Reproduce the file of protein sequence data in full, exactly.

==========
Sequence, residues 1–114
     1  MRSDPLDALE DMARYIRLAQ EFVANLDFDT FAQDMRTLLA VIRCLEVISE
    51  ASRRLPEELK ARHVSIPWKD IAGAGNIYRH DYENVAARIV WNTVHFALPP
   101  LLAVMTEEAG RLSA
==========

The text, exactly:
Sequence, residues 1–114
     1  MRSDPLDALE DMARYIRLAQ EFVANLDFDT FAQDMRTLLA VIRCLEVISE
    51  ASRRLPEELK ARHVSIPWKD IAGAGNIYRH DYENVAARIV WNTVHFALPP
   101  LLAVMTEEAG RLSA